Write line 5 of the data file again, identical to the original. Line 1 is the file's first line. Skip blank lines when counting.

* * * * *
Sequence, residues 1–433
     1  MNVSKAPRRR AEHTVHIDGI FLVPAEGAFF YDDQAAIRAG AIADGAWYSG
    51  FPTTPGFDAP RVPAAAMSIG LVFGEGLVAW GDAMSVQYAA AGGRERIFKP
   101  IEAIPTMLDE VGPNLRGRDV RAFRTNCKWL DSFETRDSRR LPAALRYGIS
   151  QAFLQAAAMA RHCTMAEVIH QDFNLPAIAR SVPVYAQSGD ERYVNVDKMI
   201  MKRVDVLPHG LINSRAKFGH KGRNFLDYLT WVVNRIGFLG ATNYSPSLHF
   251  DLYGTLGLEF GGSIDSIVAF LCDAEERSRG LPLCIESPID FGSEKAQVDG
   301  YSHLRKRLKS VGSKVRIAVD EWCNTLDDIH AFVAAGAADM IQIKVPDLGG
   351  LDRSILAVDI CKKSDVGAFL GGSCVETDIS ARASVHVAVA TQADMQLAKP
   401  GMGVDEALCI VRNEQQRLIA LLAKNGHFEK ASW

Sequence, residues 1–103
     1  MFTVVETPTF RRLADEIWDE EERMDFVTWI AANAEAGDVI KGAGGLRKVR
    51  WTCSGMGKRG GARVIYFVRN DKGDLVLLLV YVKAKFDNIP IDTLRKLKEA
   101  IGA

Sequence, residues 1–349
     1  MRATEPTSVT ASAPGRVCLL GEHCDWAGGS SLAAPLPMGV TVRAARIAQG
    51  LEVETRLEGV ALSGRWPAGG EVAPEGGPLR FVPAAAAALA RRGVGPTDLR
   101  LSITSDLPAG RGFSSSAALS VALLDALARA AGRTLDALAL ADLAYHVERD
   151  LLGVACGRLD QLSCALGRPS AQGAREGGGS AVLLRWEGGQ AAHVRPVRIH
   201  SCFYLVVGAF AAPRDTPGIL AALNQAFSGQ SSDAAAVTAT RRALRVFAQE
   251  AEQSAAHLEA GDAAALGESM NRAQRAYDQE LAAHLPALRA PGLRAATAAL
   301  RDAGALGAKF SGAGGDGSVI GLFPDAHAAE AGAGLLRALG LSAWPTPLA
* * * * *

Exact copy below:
   151  QAFLQAAAMA RHCTMAEVIH QDFNLPAIAR SVPVYAQSGD ERYVNVDKMI